The most obvious question, as Bill Funk suggested(23) (so I am not all that uncomfortable with Bill on my right, at least for the moment), is: Why not pay? Why shouldn't the government pay? Government regulators and advocates of regulation view the takings clause as an unfortunate obstacle to the pursuit of the government's important business, but it does not in any way prevent us from protecting endangered species or saving wetlands or preventing pollution. We can do anything we want; we just have to pay. Somebody's going to pay. These are real costs. If we impose the cost of regulation on Lucas, it will be real cost to him and real impact on the economy. So it is only a question of who pays. Why should Lucas pay? Is there any principle of justice that says Lucas ought to pay to protect a beach in which all of us are interested? I think the answer is clearly no, and as Bill Funk very astutely points out, if we make the government pay then it will realize the costs that are associated with various kinds of regulations.(24) We might, as a consequence, have much more effective regulation.

I was disappointed in the Lucas decision in some respects, and I am not optimistic that the Court will eventually adopt the prescription I have just suggested, largely because most of the "conservative" justices and judges throughout the federal judiciary are more committed to the principle of judicial restraint than they are to the principle of individual liberty. AS a consequence, they are finding it very difficult to make decisions in the takings area that do not try to make sense of all of the confused precedent. Adherence to precedent is, after all, what a judicially restrained judge does. But if there is hope that these judicially restrained conservatives will do something in the interest of individual rights, including property rights, it maybe in the takings area. The language of the Constitution is clear, which distinguishes the takings issue from any other constitutional issues. However, I remain pessimistic. In fact, I expect, and fear, that the views which will prevail are those we are about to hear from my good, but confused, friend, Professor Michael Blumm.(25)

(1.) See Edward J. Sullivan, Lucas and Creative Constitutional Interpretation, 23 Envtl. L. 919 (1993). (2.) See Michael C. Blumm, Property Myths, Judicial Activism, and the Takings Clause, 23 Envtl. L. 907 (1993). (3.) "[N]or shall private property be taken for public use, without just compensation." U.S. Const. amend. V. (4.) See Donald W. Large, Lucas: A Flawed Attempt to Redefine the Mahon Analysis, 23 Envtl. L. 883, 884 (1993). (5.) Lucas v. South Carolina Coastal Council, 112 S. Ct. 2886 (1992). (6.) Pennsylvania Coal v. Mahon, 260 U.S. 393, 415 (1922). (7.) See Lucas, 112 S. Ct. at 2899-01. (8.) Id. at 2901. (9.) See William F. Funk, Revolution or Restatement? Awaiting Answers to Lucas' Unanswered Questions, 23 Envtl. L. 891, 892 (1993). (10.) Pennsylvania Coal, 260 U.S. at 414. (11.) See Loveladies Harbor, Inc. v. United States, 21 Cl. Ct. 153 (1990); Florida Rock Indus. v. United States, 21 Cl. Ct. 161 (1990). (12.) See Penn Central Transp. Co. v. City of New York, 438 U.S. 104 (1978). (13.) Id. at 136. (14.) Id. at 115. (15.) Lucas v. South Carolina Coastal Council, 112 S. Ct. 2886, 2905 (1992) (Blackmun, J., dissenting). (16.) Richard A. Epstein, takings: Private Property and the Power of Eminent Domain (1985). (17.) See id. at 198. See also James L. Huffman, A Coherent Takings Theory at Last: Comments on Richard Epstein's Takings: Private Property and the Power of Eminent Domain, 17 Envtl. L. 153, 156 (1986) (book review). (18.) See Penn Central Transp. Co. v. City of New York, 438 U.S. 104, 137 (1978). (19.) See, e.g., Keystone Bituminous Coal Ass'n v. DeBenedictis, 480 U.S. 470, 490-92 (1987). (20.) See Epstein, supra note 16, at 281. (21.) Id. at 195. (22.) Pennsylvania Coal v. Mahon, 260 U.S. 393, 415 (1922). (23.) See Funk, supra note 9, at 892. (24.) Id. at 892. (25.) See Blumm, supra note 2.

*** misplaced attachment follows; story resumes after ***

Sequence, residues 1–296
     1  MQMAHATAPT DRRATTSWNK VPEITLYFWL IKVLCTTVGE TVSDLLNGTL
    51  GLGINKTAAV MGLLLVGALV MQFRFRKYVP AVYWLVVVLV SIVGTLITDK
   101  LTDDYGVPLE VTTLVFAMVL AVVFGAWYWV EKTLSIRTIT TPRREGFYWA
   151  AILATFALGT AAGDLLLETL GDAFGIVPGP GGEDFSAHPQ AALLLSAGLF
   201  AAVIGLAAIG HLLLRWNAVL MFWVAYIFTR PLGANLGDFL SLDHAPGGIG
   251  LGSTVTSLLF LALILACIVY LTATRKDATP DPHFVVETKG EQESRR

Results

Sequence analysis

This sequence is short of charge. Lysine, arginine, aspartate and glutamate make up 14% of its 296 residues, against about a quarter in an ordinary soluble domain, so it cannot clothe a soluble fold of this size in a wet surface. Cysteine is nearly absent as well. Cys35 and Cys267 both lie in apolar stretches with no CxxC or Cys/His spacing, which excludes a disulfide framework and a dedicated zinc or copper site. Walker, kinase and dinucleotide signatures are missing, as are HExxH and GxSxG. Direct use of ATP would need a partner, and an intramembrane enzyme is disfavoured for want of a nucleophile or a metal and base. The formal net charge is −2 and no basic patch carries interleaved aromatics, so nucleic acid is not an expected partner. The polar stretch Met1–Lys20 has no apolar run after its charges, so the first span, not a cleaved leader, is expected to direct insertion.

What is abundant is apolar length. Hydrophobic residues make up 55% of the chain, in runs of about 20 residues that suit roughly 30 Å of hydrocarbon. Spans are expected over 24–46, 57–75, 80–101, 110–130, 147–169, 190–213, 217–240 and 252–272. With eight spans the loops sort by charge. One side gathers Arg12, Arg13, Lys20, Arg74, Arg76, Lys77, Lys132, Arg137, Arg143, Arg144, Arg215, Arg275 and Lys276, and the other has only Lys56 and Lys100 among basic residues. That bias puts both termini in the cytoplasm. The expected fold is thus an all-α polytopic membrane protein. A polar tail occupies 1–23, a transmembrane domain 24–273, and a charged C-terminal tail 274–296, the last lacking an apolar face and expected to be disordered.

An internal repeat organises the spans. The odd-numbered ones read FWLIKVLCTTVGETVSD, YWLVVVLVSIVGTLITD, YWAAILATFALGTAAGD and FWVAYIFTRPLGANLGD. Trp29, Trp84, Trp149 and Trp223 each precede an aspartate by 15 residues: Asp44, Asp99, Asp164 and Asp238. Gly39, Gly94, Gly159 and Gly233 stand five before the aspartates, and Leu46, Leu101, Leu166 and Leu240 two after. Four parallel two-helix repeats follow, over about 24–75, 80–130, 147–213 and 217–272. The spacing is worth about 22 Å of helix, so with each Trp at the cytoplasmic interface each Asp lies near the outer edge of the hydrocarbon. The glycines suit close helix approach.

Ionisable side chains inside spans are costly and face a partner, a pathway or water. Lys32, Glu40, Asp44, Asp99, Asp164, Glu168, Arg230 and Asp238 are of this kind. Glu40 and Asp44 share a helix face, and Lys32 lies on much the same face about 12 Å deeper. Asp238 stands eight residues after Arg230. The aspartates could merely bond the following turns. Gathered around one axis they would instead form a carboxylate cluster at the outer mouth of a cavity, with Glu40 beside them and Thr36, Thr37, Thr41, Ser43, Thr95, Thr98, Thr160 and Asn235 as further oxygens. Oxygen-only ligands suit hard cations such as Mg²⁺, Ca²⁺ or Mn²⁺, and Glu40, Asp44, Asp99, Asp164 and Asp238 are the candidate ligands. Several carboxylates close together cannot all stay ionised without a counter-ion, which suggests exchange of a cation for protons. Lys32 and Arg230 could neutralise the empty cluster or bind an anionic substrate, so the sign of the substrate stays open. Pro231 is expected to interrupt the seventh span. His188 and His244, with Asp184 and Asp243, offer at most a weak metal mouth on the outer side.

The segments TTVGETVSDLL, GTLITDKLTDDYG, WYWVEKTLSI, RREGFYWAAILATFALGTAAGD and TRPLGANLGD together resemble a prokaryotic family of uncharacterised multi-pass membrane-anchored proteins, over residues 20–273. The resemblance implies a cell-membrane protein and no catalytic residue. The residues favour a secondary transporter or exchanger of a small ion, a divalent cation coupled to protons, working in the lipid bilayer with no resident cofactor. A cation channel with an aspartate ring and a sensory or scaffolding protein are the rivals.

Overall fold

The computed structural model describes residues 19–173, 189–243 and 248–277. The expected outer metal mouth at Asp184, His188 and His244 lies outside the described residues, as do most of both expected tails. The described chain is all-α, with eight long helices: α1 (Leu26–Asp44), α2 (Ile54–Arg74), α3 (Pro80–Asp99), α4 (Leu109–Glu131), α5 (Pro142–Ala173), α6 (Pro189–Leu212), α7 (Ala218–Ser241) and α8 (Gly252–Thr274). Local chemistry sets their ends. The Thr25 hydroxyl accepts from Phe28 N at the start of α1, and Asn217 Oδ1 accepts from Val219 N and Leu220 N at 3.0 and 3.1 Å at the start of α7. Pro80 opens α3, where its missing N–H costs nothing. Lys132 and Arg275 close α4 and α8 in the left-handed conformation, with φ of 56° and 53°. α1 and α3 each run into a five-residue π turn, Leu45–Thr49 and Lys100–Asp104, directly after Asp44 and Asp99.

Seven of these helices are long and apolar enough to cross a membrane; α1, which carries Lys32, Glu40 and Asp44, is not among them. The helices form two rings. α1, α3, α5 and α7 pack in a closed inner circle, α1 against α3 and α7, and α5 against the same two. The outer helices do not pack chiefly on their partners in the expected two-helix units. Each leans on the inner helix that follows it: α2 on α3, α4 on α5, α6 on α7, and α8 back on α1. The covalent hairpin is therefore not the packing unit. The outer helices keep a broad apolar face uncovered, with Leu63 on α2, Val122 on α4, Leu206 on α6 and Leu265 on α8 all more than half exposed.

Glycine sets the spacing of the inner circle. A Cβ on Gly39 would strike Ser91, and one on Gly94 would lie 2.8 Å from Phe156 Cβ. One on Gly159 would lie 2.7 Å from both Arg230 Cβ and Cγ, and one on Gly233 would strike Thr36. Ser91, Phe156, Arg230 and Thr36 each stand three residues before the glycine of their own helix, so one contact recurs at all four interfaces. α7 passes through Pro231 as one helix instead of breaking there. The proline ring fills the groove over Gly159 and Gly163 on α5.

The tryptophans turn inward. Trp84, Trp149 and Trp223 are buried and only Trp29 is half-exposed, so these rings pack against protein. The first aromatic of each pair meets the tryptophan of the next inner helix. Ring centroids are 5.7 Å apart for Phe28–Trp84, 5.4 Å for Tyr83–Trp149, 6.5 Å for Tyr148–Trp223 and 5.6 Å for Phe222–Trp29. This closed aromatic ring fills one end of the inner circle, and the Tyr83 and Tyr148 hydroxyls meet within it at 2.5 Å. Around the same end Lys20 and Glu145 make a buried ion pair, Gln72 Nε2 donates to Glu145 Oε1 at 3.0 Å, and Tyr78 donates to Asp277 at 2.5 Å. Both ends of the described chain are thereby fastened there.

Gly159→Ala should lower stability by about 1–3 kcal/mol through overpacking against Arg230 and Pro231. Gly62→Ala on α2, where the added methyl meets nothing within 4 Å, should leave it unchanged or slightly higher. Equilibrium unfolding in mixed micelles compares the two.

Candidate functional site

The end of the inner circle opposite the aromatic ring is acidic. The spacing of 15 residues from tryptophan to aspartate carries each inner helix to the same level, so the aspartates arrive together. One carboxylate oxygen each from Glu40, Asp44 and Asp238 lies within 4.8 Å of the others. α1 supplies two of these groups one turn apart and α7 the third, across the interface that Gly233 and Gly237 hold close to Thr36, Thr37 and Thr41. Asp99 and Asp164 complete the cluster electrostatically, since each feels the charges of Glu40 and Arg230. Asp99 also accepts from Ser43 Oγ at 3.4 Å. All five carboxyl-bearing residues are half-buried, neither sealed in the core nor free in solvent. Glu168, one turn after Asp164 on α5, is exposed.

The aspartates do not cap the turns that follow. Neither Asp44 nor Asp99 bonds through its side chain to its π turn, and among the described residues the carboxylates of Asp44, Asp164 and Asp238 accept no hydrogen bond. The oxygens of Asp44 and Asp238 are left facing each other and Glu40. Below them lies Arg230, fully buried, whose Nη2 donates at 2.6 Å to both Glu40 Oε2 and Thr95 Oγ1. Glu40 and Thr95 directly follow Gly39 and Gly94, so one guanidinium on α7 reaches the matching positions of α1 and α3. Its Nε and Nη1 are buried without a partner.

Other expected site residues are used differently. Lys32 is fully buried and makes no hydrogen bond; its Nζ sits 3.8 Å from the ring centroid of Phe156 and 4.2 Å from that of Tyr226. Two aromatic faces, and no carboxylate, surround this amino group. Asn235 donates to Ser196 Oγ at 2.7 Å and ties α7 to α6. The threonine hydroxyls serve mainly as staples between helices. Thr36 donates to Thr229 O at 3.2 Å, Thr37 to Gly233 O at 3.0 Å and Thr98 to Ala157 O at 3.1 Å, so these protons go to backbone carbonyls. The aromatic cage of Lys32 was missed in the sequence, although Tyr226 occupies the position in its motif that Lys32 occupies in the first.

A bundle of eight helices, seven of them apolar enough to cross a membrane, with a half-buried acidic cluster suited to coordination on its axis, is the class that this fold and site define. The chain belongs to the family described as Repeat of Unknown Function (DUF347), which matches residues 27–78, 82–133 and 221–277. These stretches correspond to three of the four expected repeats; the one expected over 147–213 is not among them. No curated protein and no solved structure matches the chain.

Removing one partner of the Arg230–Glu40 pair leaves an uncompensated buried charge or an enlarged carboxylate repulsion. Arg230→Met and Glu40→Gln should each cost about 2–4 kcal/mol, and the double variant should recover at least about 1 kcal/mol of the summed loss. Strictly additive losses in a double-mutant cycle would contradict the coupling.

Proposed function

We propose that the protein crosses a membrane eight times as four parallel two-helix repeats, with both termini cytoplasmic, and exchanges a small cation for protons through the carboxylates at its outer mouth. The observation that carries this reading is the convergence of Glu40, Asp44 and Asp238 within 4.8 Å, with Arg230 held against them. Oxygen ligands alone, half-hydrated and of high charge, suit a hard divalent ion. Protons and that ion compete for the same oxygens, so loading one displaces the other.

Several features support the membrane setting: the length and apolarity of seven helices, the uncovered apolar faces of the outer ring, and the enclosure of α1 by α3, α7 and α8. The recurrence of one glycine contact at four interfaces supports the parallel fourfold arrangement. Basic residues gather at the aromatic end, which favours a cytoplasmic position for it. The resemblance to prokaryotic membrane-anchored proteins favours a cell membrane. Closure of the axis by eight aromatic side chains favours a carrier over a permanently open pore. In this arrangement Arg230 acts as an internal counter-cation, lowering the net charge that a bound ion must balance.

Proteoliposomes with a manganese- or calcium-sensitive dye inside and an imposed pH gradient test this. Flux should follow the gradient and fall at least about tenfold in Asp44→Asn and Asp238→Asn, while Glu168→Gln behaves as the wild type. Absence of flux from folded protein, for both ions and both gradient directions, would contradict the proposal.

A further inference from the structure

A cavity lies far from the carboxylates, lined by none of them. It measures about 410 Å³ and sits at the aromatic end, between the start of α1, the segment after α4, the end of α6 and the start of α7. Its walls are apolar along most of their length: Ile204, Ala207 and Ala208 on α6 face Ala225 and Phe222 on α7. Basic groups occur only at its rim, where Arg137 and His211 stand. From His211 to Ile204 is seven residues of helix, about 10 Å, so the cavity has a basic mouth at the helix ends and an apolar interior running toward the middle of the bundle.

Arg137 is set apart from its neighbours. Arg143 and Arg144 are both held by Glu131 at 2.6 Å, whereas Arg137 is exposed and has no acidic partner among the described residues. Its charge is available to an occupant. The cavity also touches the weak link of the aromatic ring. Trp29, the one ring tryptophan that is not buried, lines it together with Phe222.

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Title Annotation:A Colloquium on Lucas
Author:Huffman, James L.
Publication:Environmental Law
Date:Jul 1, 1993
Previous Article:Revolution or restatement? Awaiting answers to Lucas' unanswered questions.
Next Article:Property myths, judicial activism, and the Lucas case.